Your child has a fever, cough and runny nose. You take him to the pediatrician. Don’t expect your child’s doctor to always prescribe antibiotics.


Here’s why not: Guidelines from the American Academy of Pediatrics and the Centers for Disease Control and Prevention say that “most of the time children don’t need antibiotics to treat a respiratory illness,” says Dr. Ingrid Sterling of St. Luke’s Zahra Pediatrics in East Stroudsburg. In fact, she says, antibiotics may do more harm than good for your child who has a cold or flu.


Some parents may believe that antibiotics will help their child get better faster, or prevent other infections from developing, Sterling says. However, Sterling tells parents she doesn’t prescribe antibiotics freely for common cold symptoms for several important reasons.


One reason is that antibiotics work on bacterial infections and, most upper respiratory illnesses, including the common cold and flu, are caused by viruses. Antibiotics won’t help illnesses caused by viruses, Sterling says.


Overuse makes infections harder to treat


Another reason is that overuse or misuse of antibiotics encourages bacteria to mutate, Sterling says. If the bacteria changes, medicines won’t work as well to get rid of them. This is called “antibiotic resistance.” “When bacteria become resistant to the medications, it becomes more difficult to treat infections,” Sterling says.


While on antibiotics, some children develop rashes. “It can be hard to say whether it’s a true allergy to the medication or a viral reaction,” Sterling says. The rash can confuse the issue and make it difficult for their doctor to treat your children if they do need an antibiotic at another time, she says.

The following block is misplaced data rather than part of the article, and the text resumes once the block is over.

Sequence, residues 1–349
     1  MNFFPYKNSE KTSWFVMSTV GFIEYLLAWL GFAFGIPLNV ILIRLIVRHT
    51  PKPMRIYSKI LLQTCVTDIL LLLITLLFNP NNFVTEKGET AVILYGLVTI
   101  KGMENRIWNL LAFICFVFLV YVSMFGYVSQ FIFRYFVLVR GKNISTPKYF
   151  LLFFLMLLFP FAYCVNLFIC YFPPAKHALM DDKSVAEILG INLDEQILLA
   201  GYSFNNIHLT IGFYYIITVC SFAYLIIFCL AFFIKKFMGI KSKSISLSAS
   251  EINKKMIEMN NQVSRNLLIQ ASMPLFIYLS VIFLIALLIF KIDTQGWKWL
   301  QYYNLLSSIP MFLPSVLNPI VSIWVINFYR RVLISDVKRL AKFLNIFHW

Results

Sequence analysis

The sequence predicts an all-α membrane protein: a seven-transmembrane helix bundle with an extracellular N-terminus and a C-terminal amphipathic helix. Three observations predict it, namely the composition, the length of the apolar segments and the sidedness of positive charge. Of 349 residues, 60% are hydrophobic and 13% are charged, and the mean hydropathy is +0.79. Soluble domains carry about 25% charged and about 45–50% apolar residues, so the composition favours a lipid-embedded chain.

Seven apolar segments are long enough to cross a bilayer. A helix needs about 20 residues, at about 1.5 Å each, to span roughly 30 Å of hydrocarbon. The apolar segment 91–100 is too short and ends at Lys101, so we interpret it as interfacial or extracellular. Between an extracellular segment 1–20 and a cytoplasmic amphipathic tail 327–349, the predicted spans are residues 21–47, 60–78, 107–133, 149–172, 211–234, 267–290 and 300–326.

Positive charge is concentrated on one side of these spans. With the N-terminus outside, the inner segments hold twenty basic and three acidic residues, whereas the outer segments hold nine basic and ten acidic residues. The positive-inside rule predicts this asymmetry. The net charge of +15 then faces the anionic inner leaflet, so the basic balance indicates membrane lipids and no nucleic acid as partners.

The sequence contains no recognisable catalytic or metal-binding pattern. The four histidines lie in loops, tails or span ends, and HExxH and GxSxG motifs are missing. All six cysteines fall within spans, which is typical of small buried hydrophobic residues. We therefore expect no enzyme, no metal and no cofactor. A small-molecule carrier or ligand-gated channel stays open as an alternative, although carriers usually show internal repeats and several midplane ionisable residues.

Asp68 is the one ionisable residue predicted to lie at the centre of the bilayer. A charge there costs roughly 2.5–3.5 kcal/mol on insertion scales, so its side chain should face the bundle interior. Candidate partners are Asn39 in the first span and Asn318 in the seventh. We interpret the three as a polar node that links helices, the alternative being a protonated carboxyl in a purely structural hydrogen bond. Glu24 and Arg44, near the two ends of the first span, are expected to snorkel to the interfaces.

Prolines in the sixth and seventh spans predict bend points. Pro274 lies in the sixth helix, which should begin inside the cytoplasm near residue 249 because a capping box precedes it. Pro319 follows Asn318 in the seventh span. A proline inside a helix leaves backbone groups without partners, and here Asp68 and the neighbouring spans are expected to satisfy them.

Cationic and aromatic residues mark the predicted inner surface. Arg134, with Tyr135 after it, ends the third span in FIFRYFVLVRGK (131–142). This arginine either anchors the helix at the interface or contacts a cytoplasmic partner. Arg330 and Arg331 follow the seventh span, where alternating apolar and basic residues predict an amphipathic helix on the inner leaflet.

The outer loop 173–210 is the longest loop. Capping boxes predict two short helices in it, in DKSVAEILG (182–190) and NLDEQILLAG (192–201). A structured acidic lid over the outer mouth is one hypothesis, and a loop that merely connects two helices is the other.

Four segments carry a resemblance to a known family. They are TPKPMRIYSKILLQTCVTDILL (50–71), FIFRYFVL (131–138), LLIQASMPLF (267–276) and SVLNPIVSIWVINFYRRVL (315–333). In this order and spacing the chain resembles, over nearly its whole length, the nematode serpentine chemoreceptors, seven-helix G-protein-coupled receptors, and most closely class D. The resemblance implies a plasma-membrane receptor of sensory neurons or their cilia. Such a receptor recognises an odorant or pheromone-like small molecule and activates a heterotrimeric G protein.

Children with a runny nose, some ear infections and some sore throats don’t always need antibiotics either, Sterling says,


“Just because your child’s mucus is colored – green or yellow — it doesn’t necessarily mean your child has a bacterial infection.” Treat a runny nose with humidity, a saline rinse and time, and it is very likely to clear on its own, Sterling says.


The same is true with ear infections, Sterling says. Following guidelines set by the AAP, for some children who have signs of an ear infection, including fluid in the middle ear and a fever, it still may be best to watch and wait to see if it will clear on its own, Sterling says.


When antibiotics may be necessary


Still, there may be times when an antibiotic is necessary, Sterling says.


Most sore throats are caused by viruses, but strep throat is bacterial. If your child tests positive for strep, antibiotics will be necessary, Sterling says.


Sterling says she also considers prescribing an antibiotic if:


• Your child’s cough or other symptoms do not get better or get worse over the next 10 to 14 days.


• Your child’s symptoms get better in 10 days or so, but get worse again shortly after.